Voices of COHP
I grew up in a community that was fairly affluent. My parents had graduate degrees. My family was upper middle class.
I went to school with kids whose parents were doctors and lawyers and other professionals. My dad was a lawyer. My mother, also highly educated, chose to stay at home and not to work. My mother was the hoarder. Mental illness doesn't discriminate.
From the outside, my siblings and I seemed to come from a functional and supportive family. I had all the advantages that could be bought— I took music lessons and went to summer camp.
I knew a lot of families like mine that were financially comfortable, where a mother stayed home and focused on caring for everyone.
But their homes and families were nothing like mine. It didn’t make any sense at all. When people say that hoarding looks like the parent cares more about the “stuff” than the children, I get it. It definitely seemed that way to me.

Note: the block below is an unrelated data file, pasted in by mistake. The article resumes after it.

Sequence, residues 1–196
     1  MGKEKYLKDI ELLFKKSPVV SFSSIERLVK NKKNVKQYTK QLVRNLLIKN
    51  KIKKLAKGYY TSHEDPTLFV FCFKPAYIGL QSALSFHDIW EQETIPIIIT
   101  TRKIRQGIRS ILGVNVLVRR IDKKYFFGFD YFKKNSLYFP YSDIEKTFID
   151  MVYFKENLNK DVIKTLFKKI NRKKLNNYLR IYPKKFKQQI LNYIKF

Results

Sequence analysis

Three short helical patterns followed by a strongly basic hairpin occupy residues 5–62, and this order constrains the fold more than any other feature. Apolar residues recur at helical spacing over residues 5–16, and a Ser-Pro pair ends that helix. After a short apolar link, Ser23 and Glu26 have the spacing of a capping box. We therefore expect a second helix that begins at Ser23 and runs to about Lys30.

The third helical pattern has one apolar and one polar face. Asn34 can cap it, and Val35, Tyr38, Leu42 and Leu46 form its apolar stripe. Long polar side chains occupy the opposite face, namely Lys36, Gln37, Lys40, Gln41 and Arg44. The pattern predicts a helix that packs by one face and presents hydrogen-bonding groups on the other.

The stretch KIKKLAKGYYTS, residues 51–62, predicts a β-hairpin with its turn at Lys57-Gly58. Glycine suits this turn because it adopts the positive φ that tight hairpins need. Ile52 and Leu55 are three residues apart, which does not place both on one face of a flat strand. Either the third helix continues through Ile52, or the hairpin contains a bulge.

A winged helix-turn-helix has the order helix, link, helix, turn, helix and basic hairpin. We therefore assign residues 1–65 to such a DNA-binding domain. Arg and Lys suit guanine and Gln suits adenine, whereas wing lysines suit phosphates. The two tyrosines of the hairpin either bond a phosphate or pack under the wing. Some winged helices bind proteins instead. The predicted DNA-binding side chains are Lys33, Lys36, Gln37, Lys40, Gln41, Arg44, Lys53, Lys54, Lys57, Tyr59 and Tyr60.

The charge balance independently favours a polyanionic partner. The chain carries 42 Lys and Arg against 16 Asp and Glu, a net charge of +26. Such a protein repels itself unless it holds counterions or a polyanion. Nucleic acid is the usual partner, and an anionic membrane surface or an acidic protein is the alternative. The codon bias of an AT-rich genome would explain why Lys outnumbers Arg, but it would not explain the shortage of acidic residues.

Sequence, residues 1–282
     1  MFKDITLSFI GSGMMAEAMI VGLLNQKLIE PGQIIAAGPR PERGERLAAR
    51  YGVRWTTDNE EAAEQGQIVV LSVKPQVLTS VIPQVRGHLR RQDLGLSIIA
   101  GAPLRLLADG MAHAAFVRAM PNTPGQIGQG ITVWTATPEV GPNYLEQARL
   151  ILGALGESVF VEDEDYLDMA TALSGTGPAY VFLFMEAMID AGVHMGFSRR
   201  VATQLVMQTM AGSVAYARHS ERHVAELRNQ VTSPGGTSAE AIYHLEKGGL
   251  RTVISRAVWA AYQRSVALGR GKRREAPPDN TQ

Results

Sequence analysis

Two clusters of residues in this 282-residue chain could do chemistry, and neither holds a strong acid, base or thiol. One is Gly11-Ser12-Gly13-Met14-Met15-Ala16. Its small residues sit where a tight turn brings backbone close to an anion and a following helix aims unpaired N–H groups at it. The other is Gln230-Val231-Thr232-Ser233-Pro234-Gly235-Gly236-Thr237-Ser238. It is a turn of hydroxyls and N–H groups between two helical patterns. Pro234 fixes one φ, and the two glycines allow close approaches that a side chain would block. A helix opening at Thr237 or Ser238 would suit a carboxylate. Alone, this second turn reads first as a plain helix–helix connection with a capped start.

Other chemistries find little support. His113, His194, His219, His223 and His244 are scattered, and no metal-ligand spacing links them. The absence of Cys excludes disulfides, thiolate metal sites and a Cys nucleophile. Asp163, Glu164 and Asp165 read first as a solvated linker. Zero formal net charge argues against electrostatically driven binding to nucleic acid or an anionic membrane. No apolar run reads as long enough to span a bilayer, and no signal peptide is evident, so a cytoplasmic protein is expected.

Everything about my childhood home was confusing. I look at pictures from my childhood and I'm surprised by how much worse it got. Still, we were too ashamed to have people over back then.
When I was too young to understand her mess was the reason, my mother simply made excuses for why I couldn’t have anyone over.
I had a party for my eighth birthday and it was a major undertaking to make the house presentable. By the time I was twelve, I understood that our house was just not a place people were allowed to visit.
The mess was largely newspapers and mail and bags from lots and lots of shopping trips. My mother always blamed the mess on me, my siblings, and my father. But whenever we tried to clean, she became upset that we were messing things up and making her lose things.
She would cover the whole couch with piles of newspapers so only she had space to sit down.